The Lighthouse Review

by | Sep 13, 2020 | Culture, Film | 0 comments

The Lighthouse is a psychological thriller, presented in such a way that you get lost in the brutality and coldness within which Robert Pattinson and Willem Dafoe find themselves in.

At its heart The Lighthouse is quite a simple story. Two men are sent to an island to look after a lighthouse for 4 weeks, but a storm strikes the day before they are supposed to leave and from there everything begins to get twisted and unhinged.

Dafoe’s portrayal of an ageing, Lighthouse keeper is simply wonderful, leaving you just lost in his maritime trans-Atlantic accent and haggard face. Pattinson’s character, a frustrated younger man, seeking to make money for himself to try and get away from his less than happy past,  is the heart of this dark tale; he takes his character’s descent into madness and runs with it. 

Pattinson and Dafoe hold the camera well, considering it is just them for effectively the whole film. The sudden change from the monotony of Pattinson’s daily tasks on the island to the bleak candle-lit evenings, ensures that just when you just begin to settle in with the rhythm of the days, you will soon be thrown by some new revelation or terrifying sequence.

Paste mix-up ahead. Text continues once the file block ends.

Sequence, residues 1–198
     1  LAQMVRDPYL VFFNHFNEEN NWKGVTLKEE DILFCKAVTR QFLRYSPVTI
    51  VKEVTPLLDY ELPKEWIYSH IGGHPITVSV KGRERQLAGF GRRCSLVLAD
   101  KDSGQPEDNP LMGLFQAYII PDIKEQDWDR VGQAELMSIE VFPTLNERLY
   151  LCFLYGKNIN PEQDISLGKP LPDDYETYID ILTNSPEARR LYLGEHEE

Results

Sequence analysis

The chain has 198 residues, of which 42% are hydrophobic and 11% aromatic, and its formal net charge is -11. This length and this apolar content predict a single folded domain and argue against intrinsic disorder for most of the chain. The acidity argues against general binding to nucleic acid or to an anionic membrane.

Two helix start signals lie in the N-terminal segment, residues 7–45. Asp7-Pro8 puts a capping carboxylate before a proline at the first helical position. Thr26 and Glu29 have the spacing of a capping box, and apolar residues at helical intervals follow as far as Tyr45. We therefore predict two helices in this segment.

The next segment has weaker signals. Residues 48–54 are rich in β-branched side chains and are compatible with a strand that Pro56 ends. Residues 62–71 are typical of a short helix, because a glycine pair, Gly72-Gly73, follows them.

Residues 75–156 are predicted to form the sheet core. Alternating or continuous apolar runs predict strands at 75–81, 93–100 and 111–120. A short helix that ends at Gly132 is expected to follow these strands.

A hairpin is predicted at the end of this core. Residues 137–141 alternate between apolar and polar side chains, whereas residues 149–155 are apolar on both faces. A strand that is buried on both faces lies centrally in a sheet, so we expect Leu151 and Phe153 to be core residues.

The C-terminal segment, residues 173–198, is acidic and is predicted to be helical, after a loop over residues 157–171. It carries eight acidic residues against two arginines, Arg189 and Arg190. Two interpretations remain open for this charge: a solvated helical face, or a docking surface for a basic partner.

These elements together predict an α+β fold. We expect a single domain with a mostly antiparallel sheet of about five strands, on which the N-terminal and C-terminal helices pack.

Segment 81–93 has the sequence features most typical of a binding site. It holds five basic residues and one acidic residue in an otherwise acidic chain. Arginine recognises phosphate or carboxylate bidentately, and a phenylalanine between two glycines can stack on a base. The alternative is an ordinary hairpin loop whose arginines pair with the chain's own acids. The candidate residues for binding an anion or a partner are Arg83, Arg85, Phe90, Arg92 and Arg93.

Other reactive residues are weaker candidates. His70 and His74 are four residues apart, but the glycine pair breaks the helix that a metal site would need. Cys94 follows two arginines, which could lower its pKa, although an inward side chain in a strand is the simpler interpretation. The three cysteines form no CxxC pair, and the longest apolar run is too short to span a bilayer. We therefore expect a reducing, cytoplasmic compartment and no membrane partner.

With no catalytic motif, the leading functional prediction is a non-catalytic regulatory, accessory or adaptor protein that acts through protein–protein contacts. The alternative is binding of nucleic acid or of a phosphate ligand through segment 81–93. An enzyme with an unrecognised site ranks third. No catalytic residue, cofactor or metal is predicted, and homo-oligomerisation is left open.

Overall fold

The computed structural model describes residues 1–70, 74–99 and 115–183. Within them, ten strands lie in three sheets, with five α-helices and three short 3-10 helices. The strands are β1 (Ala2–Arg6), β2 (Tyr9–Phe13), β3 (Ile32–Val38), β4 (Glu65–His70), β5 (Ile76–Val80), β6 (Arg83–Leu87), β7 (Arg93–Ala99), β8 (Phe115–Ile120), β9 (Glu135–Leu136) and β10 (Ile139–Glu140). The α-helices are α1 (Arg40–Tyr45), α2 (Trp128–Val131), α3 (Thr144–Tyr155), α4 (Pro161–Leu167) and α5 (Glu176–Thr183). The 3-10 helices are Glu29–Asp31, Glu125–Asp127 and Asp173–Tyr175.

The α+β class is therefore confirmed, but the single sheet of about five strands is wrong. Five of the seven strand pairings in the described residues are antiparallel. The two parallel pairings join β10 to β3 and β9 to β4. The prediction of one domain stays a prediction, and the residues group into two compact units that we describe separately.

The movie is filmed in a 1.19:1 aspect ratio which means that the action on screen is always right in front of your eye, and there are very few points where your eyes are drawn away from the two stars. When combined with the whole film being in black-and-white emphasises the unwelcoming narrative that Dafoe and Pattinson have to weave their way through. At times it feels as if you are looking into the past, and you feel uncomfortable because of it.

By the end it seems that we are left with more questions than answers. It’s one of those films that will leave you thinking. All together the performances of Dafoe and Pattinson are brilliant; they hold the narrative together and they never fail to hold your concentration. The direction and production by Robert Eggers is perfect, making your world for nearly two hours, just two men, an island and a lighthouse. The often dark and sometimes humorous writing, also by Eggers and his brother Max seems to be akin to a ghost story lost to the waves long ago. 

If you love a film that leaves you feeling intrigued and uncomfortable; something that is more than a little out of the ordinary, then The Lighthouse is for you. It’s sometimes hard to find the light in the storm but it’s an experience not to be missed.